“Polls show that there’s a trend toward marijuana legalization, so the energy behind this issue seems to be on the legalization side. So if there are citizens who turn out and vote because of this issue, it’s probably going to favor Democrats”
A record number of legal marijuana could complicate turnout in the 2016 presidential election, bringing out more voters but which candidate will it help the most? The answer is complex.
At first glance, the traditional demographic of marijuana voters – white, young, male, Democratic – would presumably increase votes for Clinton. But with the Libertarian candidate Gary Johnson, having the best chance since Nader to siphon votes away from a mainstream candidate, and the unpredictable loyalty of party-line voters this year, it’s not guaranteed that Clinton will be able to cash in on the momentum of marijuana.
“Polls show that there’s a trend toward marijuana legalization, so the energy behind this issue seems to be on the legalization side. So if there are citizens who turn out and vote because of this issue, it’s probably going to favor Democrats” said Geoffrey Skelley.
Different voters with different motivations
Celinda Lake of Lake Research Partners, a Democratic polling firm, said there are significant numbers of people across the board who are motivated by this issue, but for various reasons.
“African Americans tend to support it from a criminal justice perspective, older whites often come to it from a medical perspective and libertarians see it as a privacy issue, particularly in the west.” Both Clinton and Trump have had trouble wooing Black Lives Matter voters, so showing that they care about the disproportionate arrest of millions of African Americans for marijuana possession could help.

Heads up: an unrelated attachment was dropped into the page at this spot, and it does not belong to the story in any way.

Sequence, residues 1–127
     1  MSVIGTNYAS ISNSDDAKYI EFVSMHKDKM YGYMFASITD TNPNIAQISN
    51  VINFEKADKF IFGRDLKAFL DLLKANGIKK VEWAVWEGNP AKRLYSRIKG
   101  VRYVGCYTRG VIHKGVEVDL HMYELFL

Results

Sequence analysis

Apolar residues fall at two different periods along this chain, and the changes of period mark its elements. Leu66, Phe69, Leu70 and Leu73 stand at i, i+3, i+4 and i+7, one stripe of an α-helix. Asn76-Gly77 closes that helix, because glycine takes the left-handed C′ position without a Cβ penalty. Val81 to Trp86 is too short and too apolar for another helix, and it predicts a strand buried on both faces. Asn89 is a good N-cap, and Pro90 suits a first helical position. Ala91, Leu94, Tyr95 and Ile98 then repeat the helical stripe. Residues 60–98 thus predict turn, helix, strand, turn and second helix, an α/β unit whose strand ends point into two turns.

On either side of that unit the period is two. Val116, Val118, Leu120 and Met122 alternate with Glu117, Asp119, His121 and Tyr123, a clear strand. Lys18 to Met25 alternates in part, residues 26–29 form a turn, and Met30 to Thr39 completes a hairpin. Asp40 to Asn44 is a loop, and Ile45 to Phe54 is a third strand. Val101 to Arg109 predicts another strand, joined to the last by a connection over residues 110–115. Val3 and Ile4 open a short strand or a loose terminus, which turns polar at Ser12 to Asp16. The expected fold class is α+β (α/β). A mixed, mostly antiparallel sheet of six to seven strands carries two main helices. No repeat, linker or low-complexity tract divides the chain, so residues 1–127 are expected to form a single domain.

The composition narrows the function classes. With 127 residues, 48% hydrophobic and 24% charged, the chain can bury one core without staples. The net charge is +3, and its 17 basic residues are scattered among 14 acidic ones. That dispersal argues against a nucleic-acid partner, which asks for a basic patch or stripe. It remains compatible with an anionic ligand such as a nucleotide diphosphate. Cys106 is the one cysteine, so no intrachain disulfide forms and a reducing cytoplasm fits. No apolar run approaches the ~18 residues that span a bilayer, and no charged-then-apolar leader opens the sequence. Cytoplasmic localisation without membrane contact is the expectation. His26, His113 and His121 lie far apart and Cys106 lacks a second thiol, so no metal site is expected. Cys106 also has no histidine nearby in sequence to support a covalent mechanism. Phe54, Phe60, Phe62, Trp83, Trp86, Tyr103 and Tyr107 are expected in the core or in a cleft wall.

“Trump should hope to be winning those who do embrace medical marijuana in states with old white men group like Florida, Arkansas and Missouri, where medical marijuana is looking to be legalized and expanded while Gary Johnson could steal some votes from him through the young men but neither younger nor older group found Clinton favorable. So higher turnout related to marijuana legalization might hurt Trump”.
“Trump needs to figure out ways to engage with younger voters while Clinton may try to appeal to the white and male voters,” says Michael Berry.
According to Roll Call, Florida voters were faced with a medical marijuana measure in 2014, their numbers increased by 10% from 2010, despite nationwide turnout being the lowest in 70 years. (With 57%, the 2014 measure still failed due to the state’s requirement of 60%)
Nevada currently has one of the highest concentrations of marijuana users in the nation, so it’s likely that a measure to legalize marijuana could bring out extra voters there as well.
Courting the marijuana vote
Millennials target for marijuana campaigns was 71% in favor of ending prohibition compared with 58% nationally. So in states proposing full legalization like Arizona, California, Massachusetts, Maine and Nevada, showing support for marijuana reform could bolster a candidate’s numbers by a few points.
Deciding at Oregon and Colorado in 2012 whether to legalize marijuana makes voters turnout increased by six points in Colorado and five in Oregon. Over the course of the 2016 election, both Trump and Clinton have engaged in some hardcore flirting with marijuana voters.
“Clinton’s strategy of warming to medical marijuana seems to propose a continuation of the status quo, letting it unfold in the states, making her appear more moderate, which makes sense in the general election,” says Berry.
Berry noted: “It seems that there are more political costs to being opposed to marijuana instead of being in favor of it, which is strange because if you go back 10 years ago, it was just the opposite.”
Source News: The Guardian